Once again, the ambiguity is a feature, not a bug. Is there such a thing as a politics that is racist or nationalist — but that just qualifies as good old-fashioned capitalism, rather than falling into the maybe-maybe-not-fascism cloud of the alt-right? Ask a socialist, and she’ll say of course. But ask a capitalist — a centrist, or even a progressive — and he will almost certainly say no.
It is impossible not to see how in popular discourse, the ambiguity of terms like “alt-right”, or of vague notions of “fascism,” consistently works in favor of capitalist ideology. One moment, this pseudo-category damns anticapitalists by association, abetted by the rhetoric of horseshoe theory; the next, it swallows up all of the sins of capitalism, tying all of its social pathology and reactionary history to the encroachment of fascism.
Some final thoughts
I have probably belabored this explanation, and spelled out all kinds of points that a lot of socialists probably grasp intuitively; but since the pseudo-categories of capitalism are still widely used by everyone, I think it’s worth detailing just how rhetorically loaded they are, and how incompatible they are with a basic socialist perspective on politics.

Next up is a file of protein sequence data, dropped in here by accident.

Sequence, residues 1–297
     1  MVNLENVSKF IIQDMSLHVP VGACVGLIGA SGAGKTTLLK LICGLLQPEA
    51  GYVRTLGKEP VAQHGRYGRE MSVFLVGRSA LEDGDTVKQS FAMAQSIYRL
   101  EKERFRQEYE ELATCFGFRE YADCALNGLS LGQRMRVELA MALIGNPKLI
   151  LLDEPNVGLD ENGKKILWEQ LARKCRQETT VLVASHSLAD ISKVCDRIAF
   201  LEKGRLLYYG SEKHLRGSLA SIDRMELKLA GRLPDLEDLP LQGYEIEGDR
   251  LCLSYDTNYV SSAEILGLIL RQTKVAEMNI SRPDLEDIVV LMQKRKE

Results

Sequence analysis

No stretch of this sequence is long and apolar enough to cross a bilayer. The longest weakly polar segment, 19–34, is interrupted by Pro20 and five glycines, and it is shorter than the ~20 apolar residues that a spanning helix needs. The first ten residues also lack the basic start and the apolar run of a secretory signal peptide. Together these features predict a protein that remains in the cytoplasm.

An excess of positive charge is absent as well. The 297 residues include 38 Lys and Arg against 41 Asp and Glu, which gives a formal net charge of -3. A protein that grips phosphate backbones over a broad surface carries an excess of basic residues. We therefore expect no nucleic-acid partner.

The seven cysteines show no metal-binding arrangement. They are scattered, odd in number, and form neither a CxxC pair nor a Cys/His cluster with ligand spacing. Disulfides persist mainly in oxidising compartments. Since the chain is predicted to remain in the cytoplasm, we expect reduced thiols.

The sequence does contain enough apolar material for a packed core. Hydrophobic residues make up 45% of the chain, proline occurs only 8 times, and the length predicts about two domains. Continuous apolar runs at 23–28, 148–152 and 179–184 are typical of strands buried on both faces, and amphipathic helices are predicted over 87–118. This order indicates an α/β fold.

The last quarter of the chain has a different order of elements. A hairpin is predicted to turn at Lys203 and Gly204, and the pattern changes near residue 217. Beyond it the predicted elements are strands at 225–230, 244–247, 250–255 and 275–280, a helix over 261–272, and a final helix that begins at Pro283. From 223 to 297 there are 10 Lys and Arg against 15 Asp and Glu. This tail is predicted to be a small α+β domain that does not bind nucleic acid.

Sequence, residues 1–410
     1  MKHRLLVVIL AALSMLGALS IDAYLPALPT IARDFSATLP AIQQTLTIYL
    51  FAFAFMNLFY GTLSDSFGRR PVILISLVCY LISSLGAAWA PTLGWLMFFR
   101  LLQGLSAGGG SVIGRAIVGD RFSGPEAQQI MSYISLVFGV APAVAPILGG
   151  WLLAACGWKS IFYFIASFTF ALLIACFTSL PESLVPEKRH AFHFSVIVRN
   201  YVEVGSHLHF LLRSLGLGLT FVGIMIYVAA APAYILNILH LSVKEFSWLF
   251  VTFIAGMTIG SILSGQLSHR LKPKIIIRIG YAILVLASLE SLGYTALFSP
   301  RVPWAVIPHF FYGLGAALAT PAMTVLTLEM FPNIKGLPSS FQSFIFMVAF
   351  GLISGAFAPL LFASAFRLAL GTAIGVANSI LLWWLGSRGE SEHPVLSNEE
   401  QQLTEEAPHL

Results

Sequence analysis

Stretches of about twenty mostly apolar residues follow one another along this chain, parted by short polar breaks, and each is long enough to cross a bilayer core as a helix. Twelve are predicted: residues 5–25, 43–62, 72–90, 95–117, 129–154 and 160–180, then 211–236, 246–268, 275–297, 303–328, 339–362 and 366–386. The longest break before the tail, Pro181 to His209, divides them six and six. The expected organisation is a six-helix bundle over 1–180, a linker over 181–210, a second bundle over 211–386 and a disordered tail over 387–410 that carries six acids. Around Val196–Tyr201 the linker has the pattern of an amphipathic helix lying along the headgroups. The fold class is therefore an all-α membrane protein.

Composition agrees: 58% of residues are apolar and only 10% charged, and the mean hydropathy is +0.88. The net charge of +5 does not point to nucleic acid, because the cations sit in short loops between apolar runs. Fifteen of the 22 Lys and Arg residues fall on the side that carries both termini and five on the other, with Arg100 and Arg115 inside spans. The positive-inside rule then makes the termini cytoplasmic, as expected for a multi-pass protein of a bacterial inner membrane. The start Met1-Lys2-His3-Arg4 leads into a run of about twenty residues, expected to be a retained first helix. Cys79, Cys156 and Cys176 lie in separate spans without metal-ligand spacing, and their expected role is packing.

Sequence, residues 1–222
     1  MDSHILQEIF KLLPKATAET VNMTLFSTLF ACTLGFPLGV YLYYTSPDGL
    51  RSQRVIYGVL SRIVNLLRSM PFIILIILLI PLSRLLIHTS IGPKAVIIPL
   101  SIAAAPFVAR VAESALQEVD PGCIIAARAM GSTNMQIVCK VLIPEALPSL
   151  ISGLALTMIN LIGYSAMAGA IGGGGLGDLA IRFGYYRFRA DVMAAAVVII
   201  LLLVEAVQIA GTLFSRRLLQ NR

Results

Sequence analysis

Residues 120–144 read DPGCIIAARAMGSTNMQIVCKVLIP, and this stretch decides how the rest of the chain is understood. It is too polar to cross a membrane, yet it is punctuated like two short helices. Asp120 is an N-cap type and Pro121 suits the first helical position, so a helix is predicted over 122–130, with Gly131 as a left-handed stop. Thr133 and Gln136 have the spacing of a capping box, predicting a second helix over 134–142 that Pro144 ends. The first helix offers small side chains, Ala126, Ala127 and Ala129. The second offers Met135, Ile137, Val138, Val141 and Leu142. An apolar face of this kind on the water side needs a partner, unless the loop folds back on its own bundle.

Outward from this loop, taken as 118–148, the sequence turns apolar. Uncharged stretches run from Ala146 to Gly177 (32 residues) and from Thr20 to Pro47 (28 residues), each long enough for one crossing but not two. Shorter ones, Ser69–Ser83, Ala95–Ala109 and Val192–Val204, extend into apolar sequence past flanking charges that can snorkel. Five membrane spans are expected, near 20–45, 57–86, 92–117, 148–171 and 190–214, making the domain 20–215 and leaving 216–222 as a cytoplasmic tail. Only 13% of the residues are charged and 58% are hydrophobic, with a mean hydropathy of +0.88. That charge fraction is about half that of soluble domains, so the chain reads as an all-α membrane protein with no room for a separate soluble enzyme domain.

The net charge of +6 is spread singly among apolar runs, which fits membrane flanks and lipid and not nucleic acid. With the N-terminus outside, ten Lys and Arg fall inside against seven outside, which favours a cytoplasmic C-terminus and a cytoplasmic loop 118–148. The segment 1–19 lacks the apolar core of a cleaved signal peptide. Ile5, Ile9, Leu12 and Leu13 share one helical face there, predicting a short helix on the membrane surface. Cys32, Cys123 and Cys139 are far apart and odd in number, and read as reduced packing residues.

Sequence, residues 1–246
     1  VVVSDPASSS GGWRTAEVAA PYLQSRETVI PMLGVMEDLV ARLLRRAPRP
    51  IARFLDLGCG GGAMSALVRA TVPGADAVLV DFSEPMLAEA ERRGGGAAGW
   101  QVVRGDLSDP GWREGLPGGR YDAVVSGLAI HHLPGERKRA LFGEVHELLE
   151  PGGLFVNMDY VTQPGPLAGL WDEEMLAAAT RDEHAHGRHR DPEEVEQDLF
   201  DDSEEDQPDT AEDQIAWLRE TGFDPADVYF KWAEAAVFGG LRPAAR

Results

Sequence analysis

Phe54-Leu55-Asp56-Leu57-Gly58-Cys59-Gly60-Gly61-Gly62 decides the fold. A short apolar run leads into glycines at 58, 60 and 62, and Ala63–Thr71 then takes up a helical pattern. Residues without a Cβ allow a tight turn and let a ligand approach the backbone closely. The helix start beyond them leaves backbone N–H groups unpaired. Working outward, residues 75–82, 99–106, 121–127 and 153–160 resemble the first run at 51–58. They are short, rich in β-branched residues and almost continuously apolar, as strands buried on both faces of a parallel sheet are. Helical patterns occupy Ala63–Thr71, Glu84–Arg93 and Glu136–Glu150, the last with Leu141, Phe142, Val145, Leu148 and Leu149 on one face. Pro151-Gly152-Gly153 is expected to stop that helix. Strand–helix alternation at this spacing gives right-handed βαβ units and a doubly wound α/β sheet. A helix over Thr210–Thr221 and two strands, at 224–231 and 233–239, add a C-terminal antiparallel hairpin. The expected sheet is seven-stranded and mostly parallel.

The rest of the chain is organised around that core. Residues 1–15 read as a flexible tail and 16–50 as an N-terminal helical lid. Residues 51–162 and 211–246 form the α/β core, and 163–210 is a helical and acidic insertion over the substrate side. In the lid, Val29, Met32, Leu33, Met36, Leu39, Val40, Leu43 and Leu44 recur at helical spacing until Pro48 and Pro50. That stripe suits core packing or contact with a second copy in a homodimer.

There is also, I think, plenty of room for adjustments to the socialists schema I’ve laid out. For example, I’ve marked the division between left and right between doctrines that are at least ostensibly anti-capitalist and those that are not; one could reasonably respond that since socialism is the only operatively anti-capitalist doctrine, it ought to be distinguished from doctrines like anarchism, which are not plausible vehicles for anti-capitalism and thus belong on the right.
If nothing else, I hope this inspires further reflection on the categories we use to talk about politics. Again, we should not be at all surprised to see socialists and capitalists use these labels quite differently; the most improbable thing would be if we used them in the exact same way.
On this note, it’s also worth pointing out that only one of these terms — “alt-leftists” — can be applied to any anti-capitalist. We do not have special terms for anarchists or Third Worldists with reactionary views, but we have multiple for socialists. It also bears repeating, as I have argued ad nauseum, that as far as I can tell everyone who our discourse routinely labels as a Strasserite or a Nazbol is always either a socialist being defamed or a capitalist being misidentified as some kind of socialist. Since the fascist use of socialist rhetoric is always opportunistic I don’t even think that it is sensible to even talk about historical Strasserites or Nazbols as anticapitalists; but even if one does, there does not appear to be any significant political faction resembling them today.